Enhanced condenser tube designs can significantly improve the heat rate and performance of fossil and nuclear plants. Using the optimum number of tubes and replacement tube sheets will cost more than simply replacing plain tubes. However, the investment’s simple payback is measured in only weeks, which builds a strong case for using an enhanced tube design as part of your next condenser overhaul.
The vast majority of electric utility plants operate with the Rankine cycle, which uses a turbine-generator to produce electric power. One of the limitations of this cycle is that the condenser cooling water temperature directly affects plant efficiency and the power generated. Colder water during the winter months yields a higher power output and, conversely, plant output is reduced when the condenser water temperature rises during the summer. In addition, plant output is more sensitive to high turbine backpressure (in summer months) than to low backpressure (in winter months).
As you will see shortly, the effect of condenser water inlet temperature is strongly influenced by the shape of the "turbine backpressure curve," as shown in Figure 1. Note that the smallest incremental improvement occurs at the lowest backpressure, where the curve is reasonably flat. Conversely, the greatest incremental improvement will occur at the higher condenser inlet water temperature conditions. Therefore, fossil and nuclear plants experience the greatest benefit of reduced condenser water temperature in the summer months during peak demand season.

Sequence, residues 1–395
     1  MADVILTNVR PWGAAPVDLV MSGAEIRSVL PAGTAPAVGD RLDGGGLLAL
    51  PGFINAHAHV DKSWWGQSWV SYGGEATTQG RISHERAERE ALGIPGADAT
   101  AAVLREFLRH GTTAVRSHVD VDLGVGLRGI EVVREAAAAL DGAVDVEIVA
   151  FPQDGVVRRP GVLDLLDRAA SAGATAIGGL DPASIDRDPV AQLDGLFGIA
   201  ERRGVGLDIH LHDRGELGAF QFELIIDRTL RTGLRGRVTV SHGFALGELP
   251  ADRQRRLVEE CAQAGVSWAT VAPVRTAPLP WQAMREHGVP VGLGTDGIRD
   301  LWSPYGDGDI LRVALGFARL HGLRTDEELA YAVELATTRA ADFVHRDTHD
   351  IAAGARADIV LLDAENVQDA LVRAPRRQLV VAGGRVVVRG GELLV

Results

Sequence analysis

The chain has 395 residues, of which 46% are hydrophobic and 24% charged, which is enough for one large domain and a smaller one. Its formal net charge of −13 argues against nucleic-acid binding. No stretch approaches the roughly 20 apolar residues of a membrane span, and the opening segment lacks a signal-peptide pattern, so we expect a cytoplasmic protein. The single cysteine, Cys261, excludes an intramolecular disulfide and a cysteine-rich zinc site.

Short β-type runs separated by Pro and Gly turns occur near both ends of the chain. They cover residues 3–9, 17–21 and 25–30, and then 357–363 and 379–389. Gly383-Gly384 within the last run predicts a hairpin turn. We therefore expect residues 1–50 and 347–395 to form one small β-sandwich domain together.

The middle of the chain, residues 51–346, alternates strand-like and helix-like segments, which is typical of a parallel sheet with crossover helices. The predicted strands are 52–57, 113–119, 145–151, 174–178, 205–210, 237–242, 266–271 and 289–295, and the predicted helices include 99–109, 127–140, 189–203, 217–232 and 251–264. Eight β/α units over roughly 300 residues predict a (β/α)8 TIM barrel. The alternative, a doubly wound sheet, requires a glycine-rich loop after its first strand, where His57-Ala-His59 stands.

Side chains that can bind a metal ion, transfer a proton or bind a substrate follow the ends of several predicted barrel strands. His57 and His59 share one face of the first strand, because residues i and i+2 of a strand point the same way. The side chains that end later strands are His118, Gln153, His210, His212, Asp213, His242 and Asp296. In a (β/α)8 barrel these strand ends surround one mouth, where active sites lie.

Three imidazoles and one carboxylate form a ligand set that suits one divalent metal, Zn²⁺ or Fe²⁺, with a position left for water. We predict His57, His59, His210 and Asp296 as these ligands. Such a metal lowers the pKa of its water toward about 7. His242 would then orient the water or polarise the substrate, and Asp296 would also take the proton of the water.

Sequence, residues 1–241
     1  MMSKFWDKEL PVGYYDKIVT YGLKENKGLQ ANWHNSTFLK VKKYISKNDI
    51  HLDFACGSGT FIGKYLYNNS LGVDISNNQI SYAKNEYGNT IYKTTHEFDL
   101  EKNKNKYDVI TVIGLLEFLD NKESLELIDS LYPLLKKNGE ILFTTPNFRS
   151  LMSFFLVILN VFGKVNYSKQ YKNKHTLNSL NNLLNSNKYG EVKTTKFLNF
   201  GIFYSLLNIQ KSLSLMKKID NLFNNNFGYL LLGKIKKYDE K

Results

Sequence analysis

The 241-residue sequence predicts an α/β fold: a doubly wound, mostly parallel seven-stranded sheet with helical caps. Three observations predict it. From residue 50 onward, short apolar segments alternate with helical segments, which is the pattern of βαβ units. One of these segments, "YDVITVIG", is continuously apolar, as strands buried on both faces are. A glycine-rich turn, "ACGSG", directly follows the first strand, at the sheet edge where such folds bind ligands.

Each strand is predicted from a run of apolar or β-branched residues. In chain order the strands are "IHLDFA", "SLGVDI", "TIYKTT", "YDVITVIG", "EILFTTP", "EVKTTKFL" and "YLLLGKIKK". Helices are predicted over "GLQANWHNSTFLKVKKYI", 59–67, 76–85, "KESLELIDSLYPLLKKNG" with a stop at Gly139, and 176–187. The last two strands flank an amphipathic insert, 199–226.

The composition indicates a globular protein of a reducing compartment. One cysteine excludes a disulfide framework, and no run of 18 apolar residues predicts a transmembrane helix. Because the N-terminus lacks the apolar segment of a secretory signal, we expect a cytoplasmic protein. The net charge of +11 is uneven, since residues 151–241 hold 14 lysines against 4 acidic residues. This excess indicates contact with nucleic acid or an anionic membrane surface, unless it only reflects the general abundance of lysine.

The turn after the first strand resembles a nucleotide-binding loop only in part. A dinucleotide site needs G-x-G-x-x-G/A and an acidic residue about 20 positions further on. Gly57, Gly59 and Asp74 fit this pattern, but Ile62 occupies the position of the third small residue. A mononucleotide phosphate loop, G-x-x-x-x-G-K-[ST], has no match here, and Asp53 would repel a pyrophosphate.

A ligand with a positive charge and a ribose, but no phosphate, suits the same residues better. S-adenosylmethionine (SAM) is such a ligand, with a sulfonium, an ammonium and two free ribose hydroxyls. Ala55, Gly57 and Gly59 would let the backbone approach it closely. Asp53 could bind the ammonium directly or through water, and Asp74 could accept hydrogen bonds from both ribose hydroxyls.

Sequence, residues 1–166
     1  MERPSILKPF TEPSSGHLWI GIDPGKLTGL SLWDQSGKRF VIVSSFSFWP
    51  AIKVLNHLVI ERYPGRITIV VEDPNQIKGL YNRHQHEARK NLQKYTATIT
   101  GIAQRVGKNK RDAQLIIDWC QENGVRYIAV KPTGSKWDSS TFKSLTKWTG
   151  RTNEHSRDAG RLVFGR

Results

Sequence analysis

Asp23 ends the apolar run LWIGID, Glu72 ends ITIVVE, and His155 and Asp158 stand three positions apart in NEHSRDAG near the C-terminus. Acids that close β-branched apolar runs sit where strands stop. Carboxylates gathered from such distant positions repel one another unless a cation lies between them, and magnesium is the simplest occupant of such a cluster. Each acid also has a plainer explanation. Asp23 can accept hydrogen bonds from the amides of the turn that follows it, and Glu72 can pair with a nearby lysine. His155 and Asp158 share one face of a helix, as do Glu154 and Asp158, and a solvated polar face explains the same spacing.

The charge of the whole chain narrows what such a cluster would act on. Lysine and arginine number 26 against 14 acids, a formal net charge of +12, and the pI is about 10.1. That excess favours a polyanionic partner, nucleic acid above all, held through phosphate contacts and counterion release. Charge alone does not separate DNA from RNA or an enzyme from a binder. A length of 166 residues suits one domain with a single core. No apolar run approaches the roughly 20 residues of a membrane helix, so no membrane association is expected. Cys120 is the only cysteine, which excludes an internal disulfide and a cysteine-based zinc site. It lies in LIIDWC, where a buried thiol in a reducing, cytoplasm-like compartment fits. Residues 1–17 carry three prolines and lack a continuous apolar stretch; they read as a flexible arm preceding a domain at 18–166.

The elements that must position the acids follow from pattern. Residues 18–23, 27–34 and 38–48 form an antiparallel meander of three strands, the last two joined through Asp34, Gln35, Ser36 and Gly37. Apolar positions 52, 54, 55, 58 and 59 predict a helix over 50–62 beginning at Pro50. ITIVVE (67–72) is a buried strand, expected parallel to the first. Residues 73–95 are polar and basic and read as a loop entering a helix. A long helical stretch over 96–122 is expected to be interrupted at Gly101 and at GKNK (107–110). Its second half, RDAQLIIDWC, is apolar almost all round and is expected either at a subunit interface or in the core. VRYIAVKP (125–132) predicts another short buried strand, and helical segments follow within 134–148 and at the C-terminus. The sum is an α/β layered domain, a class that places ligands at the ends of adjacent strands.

1. Changes with temperature. This turbine heat rate correction factor curve specifies 3 in. HgA as the standard performance condition. A turbine heat rate factor must be applied when the turbine backpressure changes as a reaction to condenser cooling water temperature changes. Note the differences between the response of a typical fossil and nuclear plant. Source: Dr. Ralph L. Webb
In addition to lower cooling water temperatures, advanced technology condenser tubes with special surface geometries on the inner and outer surfaces will yield a higher overall heat transfer coefficient (U) than a plain tube condenser, increasing the heat transfer between the steam and cooling water, and thereby increasing power output and reducing plant heat rate. Such a special surface geometry tube is called an "enhanced tube."
There are practical and commercially available enhanced condenser tube geometries that will yield a U-value increase of approximately 40%. These tubes are available to any power plant that operates on the Rankine cycle using condenser water from any source (lake, river, or cooling tower). An increased U-value means that a lower turbine backpressure factor (Figure 1) is required for a given condenser water temperature, resulting in higher plant efficiency and power output.
Enhanced Condenser Tubes
A special enhanced tube called a "corrugated tube" was used in the U.S. to re-tube existing utility steam condenser bundles at several Tennessee Valley Authority plants in the 1990s. The corrugated tube has a single helix configuration. The specific tubes tested are known as Korodense and were manufactured by Wolverine Tube (Figure 2a). This tube results in a 1.80 factor water-side heat transfer enhancement, 2.25 friction factor increase, and 30% steam side enhancement, relative to a smooth tube.